Homebrew Programming With Diodes


Diode matrices were one of the first methods of implementing some sort of read only memory for the very first electronic computers, and even today they can be found buried deep in the IPs of ASICs and other devices that need some form of write-once memory. For the longest time, [Rick] has wanted to build a ROM out of a few hundred diodes, and he’s finally accomplished his goal. Even better, his diode matrix circuit is actually functional: it’s a 64-byte ROM for an Atari 2600 containing an extremely simple demo program.

[Rick] connected a ton of 1N60 diodes along a grid, corresponding to the data and address lines to the 2600′s CPU. At each intersection, the data lines were either unconnected, or tied together with a diode. Pulling an address line high or low ([Rick] hasn’t posted a schematic) pulls the data line to the same voltage if a diode is connected. Repeat this eight times for each byte, and you have possibly the most primitive form of read only memory.

As for the demo [Rick] coded up with diodes? It displays a rainbow of colors with a black rectangle that can be moved across the screen with the joystick. Video below.

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ASAP 3 – The Almost Simple As Possible Computer

ASAP-3 12 - LED Display

[Pong] has joined an elite club of people who have designed and built their own computer – including a CPU created from discrete 7400 series logic. His computer is the  Almost Simple As Possible Computer 3 (ASAP-3). ASAP-3 is not a completely new design. The architecture is based upon the SAP series of computers from Albert Malvino’s book, Digital Computer Electronics. [Pong] looked at quite a few of the “modern retro” computers such as Magic-1Big Mess o’ Wires 1, and the Duo. These computers were beyond his skill levels back then, so he began to build his own system. His primary design goal was to be able to run a 4 function calculator program.

One thing that can’t be stressed enough is the fact that [Pong] made his design work much easier by using lots of simulation. His tool of choice was Proteus Design Suite. While simulation can’t solve every problem, it can often help in verifying that a given design is sound. The ASAP-3′s instruction set is microcode, based upon the 8085 series instruction set. The microcode itself is stored on Flash ROMS. Using microcode makes ASAP-3 very flexible. Don’t have a machine instruction you need? No problem – just write one up. When all was said and done, [Pong] had over 100 instructions spread over 3 Flash ROM chips.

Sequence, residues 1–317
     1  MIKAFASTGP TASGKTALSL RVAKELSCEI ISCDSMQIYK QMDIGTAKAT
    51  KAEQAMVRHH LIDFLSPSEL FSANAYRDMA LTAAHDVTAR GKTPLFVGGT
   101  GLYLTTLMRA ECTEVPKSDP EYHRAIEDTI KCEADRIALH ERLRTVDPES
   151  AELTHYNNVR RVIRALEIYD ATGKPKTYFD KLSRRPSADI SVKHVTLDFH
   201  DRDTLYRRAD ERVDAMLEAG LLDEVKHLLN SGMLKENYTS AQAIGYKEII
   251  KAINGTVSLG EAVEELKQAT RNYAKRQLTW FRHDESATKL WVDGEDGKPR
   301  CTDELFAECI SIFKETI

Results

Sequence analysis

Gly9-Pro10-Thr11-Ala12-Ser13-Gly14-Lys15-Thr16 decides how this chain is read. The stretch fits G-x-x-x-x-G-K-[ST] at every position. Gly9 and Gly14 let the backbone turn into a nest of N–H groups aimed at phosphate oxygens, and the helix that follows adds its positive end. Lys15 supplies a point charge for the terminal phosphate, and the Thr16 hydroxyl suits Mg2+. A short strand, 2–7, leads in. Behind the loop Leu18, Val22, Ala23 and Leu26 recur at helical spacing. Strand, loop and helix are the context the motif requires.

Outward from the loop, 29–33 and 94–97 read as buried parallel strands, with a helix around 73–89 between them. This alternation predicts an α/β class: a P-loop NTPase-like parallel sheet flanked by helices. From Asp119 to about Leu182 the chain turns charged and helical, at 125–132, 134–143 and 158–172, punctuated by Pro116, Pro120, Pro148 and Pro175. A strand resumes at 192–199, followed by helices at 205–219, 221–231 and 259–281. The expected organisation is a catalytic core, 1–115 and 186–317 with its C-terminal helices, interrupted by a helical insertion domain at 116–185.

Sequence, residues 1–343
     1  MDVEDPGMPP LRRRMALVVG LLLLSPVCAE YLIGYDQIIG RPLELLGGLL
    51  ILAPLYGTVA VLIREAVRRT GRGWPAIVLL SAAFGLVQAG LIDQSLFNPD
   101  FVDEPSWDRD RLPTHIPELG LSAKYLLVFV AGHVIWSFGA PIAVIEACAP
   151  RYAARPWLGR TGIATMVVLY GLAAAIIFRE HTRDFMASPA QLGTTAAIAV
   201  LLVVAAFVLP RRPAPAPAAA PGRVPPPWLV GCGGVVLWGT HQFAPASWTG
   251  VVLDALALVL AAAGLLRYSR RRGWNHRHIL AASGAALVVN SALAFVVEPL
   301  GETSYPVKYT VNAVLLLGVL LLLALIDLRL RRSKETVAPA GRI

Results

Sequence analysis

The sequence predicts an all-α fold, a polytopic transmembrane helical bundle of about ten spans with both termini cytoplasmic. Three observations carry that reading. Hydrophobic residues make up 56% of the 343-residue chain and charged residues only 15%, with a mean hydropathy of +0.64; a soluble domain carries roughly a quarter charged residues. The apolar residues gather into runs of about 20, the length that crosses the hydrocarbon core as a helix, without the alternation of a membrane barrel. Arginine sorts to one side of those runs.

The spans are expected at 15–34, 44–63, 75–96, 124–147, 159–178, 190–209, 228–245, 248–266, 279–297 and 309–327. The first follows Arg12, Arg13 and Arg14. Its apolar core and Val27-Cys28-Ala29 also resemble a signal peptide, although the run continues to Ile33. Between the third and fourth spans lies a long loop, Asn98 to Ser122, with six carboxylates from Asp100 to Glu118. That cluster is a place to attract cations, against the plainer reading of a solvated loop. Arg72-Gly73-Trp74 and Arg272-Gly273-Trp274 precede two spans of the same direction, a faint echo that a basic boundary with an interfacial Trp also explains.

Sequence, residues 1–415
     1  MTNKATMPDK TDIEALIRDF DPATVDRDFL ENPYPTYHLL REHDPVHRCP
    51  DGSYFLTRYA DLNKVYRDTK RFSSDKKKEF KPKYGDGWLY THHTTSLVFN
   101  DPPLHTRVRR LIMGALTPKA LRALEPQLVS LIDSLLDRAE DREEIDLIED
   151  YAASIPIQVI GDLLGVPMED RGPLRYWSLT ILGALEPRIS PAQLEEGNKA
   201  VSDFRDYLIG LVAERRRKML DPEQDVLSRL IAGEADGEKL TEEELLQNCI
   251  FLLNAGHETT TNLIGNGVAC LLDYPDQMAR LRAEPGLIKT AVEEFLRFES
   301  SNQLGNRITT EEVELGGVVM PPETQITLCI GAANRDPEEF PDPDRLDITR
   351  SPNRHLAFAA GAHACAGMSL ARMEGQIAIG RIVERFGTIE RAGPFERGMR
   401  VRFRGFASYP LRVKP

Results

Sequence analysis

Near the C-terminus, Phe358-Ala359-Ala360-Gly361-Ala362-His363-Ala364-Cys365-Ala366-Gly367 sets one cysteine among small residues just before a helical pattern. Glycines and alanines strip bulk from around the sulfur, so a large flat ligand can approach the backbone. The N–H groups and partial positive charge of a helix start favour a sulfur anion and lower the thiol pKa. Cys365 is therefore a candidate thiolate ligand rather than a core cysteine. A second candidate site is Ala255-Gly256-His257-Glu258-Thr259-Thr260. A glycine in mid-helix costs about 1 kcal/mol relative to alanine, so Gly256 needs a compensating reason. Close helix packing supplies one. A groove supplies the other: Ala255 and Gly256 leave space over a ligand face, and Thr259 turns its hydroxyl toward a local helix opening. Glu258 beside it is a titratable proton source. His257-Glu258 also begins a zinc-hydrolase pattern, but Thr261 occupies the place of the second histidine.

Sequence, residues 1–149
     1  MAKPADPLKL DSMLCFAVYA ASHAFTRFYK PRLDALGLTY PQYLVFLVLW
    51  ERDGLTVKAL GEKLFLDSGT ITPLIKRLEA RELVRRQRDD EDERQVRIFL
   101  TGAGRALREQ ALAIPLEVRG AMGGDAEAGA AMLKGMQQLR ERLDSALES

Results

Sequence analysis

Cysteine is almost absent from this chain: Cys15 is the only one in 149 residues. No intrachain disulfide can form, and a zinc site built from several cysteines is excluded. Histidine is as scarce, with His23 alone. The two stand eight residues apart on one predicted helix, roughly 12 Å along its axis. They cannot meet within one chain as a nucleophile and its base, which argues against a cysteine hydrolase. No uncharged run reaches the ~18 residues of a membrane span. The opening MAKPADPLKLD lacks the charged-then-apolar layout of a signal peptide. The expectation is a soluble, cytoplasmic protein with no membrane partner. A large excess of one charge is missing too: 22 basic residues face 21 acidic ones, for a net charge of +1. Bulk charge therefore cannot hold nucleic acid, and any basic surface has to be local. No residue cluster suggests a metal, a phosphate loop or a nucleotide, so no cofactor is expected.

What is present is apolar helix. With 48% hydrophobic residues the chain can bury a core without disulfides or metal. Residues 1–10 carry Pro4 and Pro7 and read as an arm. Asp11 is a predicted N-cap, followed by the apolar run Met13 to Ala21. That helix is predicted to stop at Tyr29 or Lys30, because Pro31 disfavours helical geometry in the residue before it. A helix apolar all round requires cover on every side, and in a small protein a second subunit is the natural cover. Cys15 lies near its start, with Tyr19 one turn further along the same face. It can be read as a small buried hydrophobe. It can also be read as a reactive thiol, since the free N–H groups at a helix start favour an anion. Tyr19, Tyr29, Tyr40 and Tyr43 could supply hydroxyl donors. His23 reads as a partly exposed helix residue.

The hardware was only half the battle – [Pong] found writing the software just as challenging. He wrote all the software by hand in his own machine code. This is where the simulation mentioned above really saved him some time. Even with simulation he still ran into some problems. The ASAP-1 is limited to a clock speed of around 500kHz. Above that, glitches from the ROM chips start triggering the asynchronous inputs in some of the registers. [Pong] doesn’t have a logic analyzer on hand, so he wasn’t able to track this one down further. He also found a (update simulation only) issue with the carry bit on the 74LS181 bit slice ALU. In certain circumstances the carry bit would not propagate correctly. [Pong] corrected this by using a ROM as a look up table replacement for certain ’181 functions. Even with these limitations, this is still a great hack!

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Making a Diode Matrix ROM

Here is a nice project that allows youngsters (but also adults!) to actually see the data stored in a Read Only Memory (ROM). The memory shown in the picture above is made of diodes. [Scott] made it as a part of his Barcamp Fall 2013 presentation about visualizing ROMs. He starts his write-up by stating the obvious: this memory is not practical. Nonetheless, it still was a fun exercise to do. [Scott] then greatly described all the different kinds of read only memories that you can find out there, with a few words explaining how they work. In his diode ROM, bits are ‘programmed’ by adding (or not) a diode between a given data line (anode) and an address line (cathode). When pulling low a given address line, the corresponding data line will only be pulled low if a diode is present. [Scott] finally checked his circuit by using a very old device programmer which could only be run in DOS.